Interesting question - complicated answer. The set up: For every tire, there is a load table where the relationship between load carrying capacity and inflation pressure is defined. There is also the max load and its corresponding pressure indicated. For Standard Load Passenger Car tires, the max load occurs at 35 psi (2.5 bar, 250 kPa for metric tires = 36.3 psi) regardless of the speed rating. (For reference: metric tires = those tires not following the American tire standards which are expressed in English units, but are essentially the same) Where the additional margin of safety comes in is that the H rated tire has more speed capability than the S or T rated tires even at those lower pressures. For practical purposes, higher speed rated tires can be made to perform EXACTLY like lower speed rated tires, because the things that control wear, traction, ride, and handling are independent of what controls speed capability - BUT - it is common for higher speed rated tires to be designed to handle better (and therefore ride worse), get better traction (but wear worse, and get worse fuel economy). The only thing that is always worse for higher speed rated tires (all other things being equal) is fuel economy - and that is only slightly worse - not enough to worry about! Other types of tires, such as XL, LT, ST, etc. behave similarly, but the details vary.Originally Posted by CressidaMany vehicle manufacturers list on their tire placard a recommendation of 10 to 12 lbs. lower than that 44 psi that you say the H rated tires are speed tested. If one runs an "H" rated with the vehicle recommended (e.g. 32 psi); does that mean there is an additional margin of safety, or can you help us learn what that difference might mean to the tire behavior or characteristics (if anything) ?Originally Posted by CapriRacerThe difference in max inflation pressure? T rated tires are speed tested at 35 psi, and H rated tires are tested at 44 psi, so it appears the max pressures are following. (A side note: There are some vehicles that call for unusually high inflation pressures and I wonder if those max pressures are reflecting that!)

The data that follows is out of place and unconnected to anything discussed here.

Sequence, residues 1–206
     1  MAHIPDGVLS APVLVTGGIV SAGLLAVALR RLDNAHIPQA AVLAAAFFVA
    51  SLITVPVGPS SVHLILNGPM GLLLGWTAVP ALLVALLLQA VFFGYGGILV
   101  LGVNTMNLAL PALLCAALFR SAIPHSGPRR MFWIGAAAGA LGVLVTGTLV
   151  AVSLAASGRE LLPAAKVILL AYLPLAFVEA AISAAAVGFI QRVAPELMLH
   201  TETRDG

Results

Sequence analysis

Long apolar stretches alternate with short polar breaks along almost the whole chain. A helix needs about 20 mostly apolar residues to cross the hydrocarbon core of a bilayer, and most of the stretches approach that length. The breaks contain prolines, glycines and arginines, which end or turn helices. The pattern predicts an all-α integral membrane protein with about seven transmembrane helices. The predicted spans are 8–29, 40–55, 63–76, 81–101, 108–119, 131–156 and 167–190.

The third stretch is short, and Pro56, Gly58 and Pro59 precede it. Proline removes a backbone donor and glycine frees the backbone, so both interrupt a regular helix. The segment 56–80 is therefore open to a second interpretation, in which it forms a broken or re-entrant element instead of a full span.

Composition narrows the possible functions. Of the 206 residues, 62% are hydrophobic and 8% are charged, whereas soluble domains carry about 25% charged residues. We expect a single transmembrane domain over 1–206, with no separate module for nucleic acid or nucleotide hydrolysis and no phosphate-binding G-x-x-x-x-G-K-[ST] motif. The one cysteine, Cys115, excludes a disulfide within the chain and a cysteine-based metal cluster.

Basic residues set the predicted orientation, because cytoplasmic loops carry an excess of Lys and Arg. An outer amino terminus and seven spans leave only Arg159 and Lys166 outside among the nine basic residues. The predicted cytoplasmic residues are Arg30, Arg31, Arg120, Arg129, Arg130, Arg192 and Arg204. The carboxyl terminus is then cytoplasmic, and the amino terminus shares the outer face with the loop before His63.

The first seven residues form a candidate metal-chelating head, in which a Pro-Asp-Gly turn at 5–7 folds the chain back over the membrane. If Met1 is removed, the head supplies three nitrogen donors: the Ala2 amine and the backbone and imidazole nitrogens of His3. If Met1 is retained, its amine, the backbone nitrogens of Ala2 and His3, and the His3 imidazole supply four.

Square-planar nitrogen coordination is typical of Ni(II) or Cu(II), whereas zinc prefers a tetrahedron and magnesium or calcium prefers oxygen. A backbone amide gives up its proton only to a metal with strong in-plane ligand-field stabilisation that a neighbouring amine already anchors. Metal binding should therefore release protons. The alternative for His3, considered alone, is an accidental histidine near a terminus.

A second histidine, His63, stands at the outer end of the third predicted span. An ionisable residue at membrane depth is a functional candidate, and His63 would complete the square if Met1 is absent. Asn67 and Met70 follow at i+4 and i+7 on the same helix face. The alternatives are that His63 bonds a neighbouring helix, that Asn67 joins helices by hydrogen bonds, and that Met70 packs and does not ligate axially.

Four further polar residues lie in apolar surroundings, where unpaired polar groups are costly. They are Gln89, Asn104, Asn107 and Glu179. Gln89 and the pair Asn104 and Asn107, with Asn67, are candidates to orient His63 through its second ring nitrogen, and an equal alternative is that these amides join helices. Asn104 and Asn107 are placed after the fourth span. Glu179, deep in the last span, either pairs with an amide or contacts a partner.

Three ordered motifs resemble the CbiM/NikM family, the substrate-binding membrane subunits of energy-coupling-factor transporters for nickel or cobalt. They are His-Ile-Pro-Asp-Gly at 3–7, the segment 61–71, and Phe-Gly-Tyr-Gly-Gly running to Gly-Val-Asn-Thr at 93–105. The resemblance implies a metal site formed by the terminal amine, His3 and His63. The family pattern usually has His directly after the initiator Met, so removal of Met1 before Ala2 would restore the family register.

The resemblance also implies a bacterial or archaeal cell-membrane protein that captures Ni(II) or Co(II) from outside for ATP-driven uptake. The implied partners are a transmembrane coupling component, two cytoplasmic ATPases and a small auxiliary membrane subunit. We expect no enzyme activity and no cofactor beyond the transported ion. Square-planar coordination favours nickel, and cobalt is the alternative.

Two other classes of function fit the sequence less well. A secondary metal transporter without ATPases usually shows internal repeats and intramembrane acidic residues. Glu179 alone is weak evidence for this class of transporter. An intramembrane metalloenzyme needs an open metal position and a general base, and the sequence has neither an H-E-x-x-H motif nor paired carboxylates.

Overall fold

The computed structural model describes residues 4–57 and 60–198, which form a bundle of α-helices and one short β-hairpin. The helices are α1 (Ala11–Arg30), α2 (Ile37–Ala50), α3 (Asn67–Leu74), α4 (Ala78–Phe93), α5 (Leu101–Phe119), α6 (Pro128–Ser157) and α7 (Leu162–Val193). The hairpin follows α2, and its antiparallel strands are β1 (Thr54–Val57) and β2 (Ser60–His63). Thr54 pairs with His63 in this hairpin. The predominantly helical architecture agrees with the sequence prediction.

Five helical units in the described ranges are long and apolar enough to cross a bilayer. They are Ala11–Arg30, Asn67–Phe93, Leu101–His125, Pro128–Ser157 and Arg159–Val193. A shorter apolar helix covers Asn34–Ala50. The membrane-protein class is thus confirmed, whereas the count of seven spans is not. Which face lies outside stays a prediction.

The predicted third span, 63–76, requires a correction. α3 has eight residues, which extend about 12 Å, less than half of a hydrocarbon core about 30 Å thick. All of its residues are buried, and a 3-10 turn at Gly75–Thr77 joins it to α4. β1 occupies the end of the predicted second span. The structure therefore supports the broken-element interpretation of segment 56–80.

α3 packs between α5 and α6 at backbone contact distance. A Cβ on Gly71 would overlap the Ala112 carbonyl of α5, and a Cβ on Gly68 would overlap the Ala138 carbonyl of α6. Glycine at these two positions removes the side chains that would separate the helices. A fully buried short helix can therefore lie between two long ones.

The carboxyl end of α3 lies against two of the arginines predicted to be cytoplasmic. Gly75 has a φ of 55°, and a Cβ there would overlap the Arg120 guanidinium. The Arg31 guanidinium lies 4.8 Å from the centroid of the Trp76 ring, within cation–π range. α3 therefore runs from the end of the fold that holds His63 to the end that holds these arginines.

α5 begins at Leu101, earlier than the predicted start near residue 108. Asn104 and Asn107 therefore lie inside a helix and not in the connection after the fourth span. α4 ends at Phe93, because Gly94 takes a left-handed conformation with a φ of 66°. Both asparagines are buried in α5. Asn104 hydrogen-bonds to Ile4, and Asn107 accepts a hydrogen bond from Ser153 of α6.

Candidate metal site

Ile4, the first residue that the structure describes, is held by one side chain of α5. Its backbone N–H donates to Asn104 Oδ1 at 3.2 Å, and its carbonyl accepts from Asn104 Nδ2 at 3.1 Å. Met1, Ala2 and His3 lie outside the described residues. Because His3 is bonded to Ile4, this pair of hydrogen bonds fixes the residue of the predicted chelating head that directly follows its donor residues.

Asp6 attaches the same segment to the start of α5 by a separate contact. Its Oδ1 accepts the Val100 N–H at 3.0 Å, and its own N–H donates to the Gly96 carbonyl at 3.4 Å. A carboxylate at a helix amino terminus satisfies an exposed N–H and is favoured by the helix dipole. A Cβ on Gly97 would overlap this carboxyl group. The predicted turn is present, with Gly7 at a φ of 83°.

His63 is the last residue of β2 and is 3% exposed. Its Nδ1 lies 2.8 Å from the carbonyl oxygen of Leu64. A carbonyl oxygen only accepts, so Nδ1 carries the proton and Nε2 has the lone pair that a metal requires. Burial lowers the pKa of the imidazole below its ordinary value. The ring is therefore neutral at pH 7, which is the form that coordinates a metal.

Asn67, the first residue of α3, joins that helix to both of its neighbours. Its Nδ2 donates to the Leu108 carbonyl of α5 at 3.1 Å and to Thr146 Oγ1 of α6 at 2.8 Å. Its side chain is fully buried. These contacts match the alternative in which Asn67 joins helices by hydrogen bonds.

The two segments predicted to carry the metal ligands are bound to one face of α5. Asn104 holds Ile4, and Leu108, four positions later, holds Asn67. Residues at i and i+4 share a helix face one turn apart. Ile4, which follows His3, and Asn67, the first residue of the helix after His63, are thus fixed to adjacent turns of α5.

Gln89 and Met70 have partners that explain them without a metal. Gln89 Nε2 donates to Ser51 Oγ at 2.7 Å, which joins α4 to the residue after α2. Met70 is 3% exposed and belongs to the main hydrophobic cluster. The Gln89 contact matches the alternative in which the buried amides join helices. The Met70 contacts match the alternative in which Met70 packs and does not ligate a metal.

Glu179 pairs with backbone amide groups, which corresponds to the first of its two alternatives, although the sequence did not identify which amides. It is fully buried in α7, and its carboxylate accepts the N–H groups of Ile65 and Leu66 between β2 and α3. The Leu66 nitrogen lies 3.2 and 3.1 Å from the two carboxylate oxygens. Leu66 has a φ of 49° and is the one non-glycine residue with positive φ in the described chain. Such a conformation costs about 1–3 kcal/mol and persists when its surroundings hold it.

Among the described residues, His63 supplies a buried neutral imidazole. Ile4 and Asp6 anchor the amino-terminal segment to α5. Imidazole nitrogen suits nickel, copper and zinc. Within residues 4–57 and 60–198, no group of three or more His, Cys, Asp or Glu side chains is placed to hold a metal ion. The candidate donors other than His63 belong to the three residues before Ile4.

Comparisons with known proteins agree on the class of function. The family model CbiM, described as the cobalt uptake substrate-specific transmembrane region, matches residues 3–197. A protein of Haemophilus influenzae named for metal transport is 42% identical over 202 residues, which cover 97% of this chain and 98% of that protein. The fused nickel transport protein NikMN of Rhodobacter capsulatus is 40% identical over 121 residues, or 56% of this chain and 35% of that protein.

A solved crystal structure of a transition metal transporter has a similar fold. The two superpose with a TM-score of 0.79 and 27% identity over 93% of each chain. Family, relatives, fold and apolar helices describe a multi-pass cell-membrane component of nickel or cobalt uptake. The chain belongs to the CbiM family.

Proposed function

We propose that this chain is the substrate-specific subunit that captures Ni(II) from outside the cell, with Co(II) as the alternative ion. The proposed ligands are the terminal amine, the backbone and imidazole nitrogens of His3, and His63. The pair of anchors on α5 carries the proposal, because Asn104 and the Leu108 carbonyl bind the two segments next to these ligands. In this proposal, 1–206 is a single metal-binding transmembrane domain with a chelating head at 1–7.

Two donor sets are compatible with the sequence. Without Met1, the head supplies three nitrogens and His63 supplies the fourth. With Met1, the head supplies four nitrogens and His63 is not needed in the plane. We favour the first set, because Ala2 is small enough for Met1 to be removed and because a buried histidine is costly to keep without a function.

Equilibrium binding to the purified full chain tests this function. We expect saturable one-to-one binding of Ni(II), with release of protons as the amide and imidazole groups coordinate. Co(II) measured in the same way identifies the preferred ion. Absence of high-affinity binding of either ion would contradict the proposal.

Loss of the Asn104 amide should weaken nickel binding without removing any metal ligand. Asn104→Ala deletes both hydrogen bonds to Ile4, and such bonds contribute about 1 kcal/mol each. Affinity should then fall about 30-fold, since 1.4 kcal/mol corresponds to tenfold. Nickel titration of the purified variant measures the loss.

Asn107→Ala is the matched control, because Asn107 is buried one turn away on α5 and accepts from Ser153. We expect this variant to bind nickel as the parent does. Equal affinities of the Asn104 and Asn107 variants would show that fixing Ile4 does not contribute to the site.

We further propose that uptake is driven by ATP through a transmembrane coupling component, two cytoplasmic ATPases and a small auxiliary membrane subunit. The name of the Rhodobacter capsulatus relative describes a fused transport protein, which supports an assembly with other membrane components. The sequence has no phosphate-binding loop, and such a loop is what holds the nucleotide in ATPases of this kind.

Interesting, I would have assumed that the lower temperature rating would imply worse fuel economy. My logic being that the additional heat build up is proportional to rolling resistance as the materials flexed. Can you share, maybe in just general terms, what the mechanics are behind the decrease in fuel economy? Is it just the additional weight penalty for the stiffer construction?
Thanks for sharing your tire knowledge!!